Dublin big winner as UK investors place ‘wall of money’ in offshore funds
As much as £62bn in UK investor capital has flowed offshore since Brexit referendum
Dublin-based funds have seen £42 billion of net inflows from the UK since June 2016.
As much as £62 billion (€72 billion) in capital has been moved to offshore funds by UK investors since the Brexit referendum nearly two years ago, with Dublin has the biggest winner, taking two-thirds of the total.
New figures from fintech company Calastone show Dublin-based funds have seen £42 billion (€48 billion) of net inflows from the UK since June 2016, with Luxembourg receiving £20 billion (€23 billion).
Other jurisdictions saw negligible inflows, Calastone said.
“Dublin and Luxembourg have been the real winners from the UK’s decision to quit the EU. Before the Brexit referendum, there was relatively busy two-way trade in offshore funds, but the net amount that flowed offshore was extremely small,” said Edward Glyn, Calastone’s head of global markets.
“Since June 2016, the picture has changed completely as a wall of investor money has fled from the UK to Dublin and Luxembourg, where it will remain inside the EU’s regulatory jurisdiction once the UK leaves the union,” he added.
Flows offshore have been across all asset types, Calastone said, reinforcing the notion that it is the choice of jurisdiction inside the EU and outside the UK that is the key determinant, rather than the investment propositions available.
Last month, as the UK edged closer towards a no-deal Brexit following the failure of prime minister Theresa May to win acceptance for her plan, investors placed a net £2.7 billion (€3.1 billion) in EU-based funds, almost three times the amount that flowed into UK regulated funds.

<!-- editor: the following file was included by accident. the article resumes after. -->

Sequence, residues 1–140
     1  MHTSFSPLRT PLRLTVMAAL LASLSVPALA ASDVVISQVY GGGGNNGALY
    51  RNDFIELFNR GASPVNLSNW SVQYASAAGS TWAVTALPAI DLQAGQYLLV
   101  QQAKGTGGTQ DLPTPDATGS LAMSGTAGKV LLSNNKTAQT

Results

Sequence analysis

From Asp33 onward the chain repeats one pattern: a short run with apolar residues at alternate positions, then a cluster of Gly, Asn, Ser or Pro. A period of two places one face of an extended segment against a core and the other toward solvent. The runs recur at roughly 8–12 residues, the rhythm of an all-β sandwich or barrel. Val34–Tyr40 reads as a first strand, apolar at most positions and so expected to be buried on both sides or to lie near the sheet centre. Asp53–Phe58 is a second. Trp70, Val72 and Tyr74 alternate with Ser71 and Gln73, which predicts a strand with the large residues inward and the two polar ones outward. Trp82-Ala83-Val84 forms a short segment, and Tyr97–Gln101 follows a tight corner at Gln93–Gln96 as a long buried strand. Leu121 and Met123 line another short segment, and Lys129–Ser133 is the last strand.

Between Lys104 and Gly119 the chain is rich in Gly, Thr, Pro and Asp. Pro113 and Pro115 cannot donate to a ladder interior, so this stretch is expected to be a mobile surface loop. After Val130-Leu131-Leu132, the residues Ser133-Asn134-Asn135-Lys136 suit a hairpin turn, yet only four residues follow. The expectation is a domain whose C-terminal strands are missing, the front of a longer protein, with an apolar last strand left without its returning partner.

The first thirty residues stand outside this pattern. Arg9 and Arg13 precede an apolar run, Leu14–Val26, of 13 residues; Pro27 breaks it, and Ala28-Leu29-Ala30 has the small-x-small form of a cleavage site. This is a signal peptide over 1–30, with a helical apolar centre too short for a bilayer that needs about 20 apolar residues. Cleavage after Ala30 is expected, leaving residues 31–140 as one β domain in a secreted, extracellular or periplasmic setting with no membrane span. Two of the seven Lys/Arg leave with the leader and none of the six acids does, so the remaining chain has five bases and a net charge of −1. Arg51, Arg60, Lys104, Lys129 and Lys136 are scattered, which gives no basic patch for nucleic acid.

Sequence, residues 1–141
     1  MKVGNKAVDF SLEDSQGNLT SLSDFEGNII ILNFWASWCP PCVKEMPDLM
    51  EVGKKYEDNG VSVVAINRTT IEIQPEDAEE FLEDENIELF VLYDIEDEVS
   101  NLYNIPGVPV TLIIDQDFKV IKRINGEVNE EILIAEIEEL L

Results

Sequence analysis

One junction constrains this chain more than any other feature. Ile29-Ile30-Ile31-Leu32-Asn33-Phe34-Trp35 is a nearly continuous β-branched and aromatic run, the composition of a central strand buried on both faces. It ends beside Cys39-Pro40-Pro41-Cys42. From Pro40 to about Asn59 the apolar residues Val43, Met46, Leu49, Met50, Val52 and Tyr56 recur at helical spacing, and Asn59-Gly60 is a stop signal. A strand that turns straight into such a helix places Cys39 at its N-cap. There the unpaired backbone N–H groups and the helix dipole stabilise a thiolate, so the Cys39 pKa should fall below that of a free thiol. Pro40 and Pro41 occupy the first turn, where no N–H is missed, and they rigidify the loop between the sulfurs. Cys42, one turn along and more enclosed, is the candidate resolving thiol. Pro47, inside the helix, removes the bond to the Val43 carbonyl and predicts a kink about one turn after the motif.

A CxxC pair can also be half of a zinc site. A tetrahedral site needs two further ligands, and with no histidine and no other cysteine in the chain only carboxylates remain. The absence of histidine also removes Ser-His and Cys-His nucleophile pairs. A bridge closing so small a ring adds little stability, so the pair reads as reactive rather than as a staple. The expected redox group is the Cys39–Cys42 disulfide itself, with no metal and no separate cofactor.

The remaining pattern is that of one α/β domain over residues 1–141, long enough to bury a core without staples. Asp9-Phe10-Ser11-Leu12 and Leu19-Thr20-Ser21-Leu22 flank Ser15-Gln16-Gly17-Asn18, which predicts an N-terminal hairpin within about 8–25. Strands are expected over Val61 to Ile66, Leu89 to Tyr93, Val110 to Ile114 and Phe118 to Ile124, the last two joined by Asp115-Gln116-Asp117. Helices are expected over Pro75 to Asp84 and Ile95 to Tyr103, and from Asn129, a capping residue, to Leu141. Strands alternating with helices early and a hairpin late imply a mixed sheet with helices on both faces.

In the past six months, some £9.5 billion (€11 billion) in capital flowed into offshore funds, as against £7.5 billion (€8.7 billion) that went into UK-domiciled ones.
Big political events
“Big political events have clearly influenced investors: flows offshore have risen markedly at key moments of instability connected to the Brexit story. Institutional and high-net-worth individuals are mainly responsible for the trend; smaller retail savers remain focused on UK-domiciled funds, suggesting that more sophisticated investors have the greatest concern about the consequences of Brexit,” said Mr Glyn.
Calastone, a London-based investment funds transaction network, said it arrived at its figures after analysing over a million buy and sell orders every month from January 2015, tracking monies from independent financial advisers, platforms and institutions as they flow into and out of investment funds.
The fintech, which processes over nine million messages and £170 billion (€197 billion) of transactions every month, has 1,800 customers in 40 countries and territories.